In a keynote speech, Sir Brian Shaw, chairman of the AA Motoring Policy Committee, questioned the value for money taxpayers will receive from the proposed spending on rail.
'In a revision of the 10-year transport plan spending some £68 billion - well over one-third of transport investment - will now be dedicated to rail. Yet rail accounts for just 7% of the total distance we travel,' he said.
'Much of that money, if it were used elsewhere on our roads and transport system, could give far higher returns in cutting congestion, improving the environment and saving lives.'
He described as an 'anomaly' the billions of pounds the Government is ploughing into rail safety when train accidents are 'thankfully rare', while 40,000 people are killed or seriously injured on Britain's roads annually, 'often for want of cheap and simple measures,' such as 'emergency refuge areas'. The Government has pledged to trial the roadside refuge areas on the M42.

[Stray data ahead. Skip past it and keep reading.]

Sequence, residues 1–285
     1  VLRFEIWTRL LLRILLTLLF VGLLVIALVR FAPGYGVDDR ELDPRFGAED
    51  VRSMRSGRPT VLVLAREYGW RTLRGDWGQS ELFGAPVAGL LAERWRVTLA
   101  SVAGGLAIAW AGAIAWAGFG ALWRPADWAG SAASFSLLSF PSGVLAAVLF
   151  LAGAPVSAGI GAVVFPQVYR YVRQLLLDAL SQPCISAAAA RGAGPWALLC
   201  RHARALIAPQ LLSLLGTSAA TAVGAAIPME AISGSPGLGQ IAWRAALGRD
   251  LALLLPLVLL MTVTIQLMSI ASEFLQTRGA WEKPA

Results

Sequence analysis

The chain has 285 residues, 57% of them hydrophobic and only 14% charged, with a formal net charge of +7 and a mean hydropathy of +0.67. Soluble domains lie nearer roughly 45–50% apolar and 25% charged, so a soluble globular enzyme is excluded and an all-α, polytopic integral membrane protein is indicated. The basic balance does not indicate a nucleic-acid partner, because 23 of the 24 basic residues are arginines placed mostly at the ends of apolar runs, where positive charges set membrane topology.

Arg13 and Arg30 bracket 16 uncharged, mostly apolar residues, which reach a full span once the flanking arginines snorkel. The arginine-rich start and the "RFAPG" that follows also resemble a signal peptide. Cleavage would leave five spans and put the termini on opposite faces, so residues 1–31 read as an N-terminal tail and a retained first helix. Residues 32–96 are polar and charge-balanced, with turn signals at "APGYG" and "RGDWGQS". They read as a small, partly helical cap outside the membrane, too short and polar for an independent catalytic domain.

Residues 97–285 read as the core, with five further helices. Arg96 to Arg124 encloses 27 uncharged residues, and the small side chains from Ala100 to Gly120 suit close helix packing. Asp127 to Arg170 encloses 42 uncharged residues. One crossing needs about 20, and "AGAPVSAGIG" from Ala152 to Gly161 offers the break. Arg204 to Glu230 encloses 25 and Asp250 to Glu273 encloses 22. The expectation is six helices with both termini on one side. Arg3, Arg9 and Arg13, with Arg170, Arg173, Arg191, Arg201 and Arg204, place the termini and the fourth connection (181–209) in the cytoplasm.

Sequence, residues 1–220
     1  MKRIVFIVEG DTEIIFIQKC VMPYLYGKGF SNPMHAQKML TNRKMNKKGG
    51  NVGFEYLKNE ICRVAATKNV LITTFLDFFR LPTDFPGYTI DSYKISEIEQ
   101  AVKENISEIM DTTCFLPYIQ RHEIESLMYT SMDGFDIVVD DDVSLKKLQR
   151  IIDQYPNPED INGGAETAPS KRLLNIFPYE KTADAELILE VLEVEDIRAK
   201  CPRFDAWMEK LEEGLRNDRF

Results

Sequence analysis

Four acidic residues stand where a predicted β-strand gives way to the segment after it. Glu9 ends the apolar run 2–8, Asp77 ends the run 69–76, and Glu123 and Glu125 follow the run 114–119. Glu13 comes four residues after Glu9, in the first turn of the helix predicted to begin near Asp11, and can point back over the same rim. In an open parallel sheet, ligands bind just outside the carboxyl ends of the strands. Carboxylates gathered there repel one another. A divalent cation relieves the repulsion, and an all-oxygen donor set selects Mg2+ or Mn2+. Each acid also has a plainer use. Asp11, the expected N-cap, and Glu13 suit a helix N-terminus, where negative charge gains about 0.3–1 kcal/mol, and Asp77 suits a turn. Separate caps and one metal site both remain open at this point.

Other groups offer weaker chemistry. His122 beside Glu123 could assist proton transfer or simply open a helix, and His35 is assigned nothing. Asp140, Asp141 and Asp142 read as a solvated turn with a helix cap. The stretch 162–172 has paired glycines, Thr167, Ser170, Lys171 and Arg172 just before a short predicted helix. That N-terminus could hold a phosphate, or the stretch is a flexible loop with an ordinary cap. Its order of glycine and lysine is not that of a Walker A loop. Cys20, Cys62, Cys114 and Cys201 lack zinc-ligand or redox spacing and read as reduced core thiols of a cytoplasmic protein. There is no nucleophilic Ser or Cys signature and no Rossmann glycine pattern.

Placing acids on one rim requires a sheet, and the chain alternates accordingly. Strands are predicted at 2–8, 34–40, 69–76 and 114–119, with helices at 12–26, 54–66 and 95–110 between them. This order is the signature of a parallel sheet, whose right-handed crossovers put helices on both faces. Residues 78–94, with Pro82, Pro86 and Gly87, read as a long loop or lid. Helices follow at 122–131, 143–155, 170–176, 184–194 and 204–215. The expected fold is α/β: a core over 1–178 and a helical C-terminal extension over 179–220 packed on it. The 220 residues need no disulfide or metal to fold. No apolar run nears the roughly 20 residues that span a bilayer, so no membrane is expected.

Shaw also took the Government to task for spending only one-fifth of the £38 billion raised annually in tax from road users on roads and local transport.
'What motorists receive in return for their money is rutted roads, potholes, broken signs, faded markings and cracked paving,' he said.
In response, Stephen Byers, secretary of state at the Department of Transport, Local Government and the Regions, said: 'Improving our road network and ensuring a fair deal for the motorist is one of the issues that I have to deal with.'
He added that he was a 'realist', acknowledging that people choose to use their cars because there is no viable alternative, especially after years of under-investment in the transport infrastructure.
'We need to ensure people have a genuine choice about how they travel,' said Byers.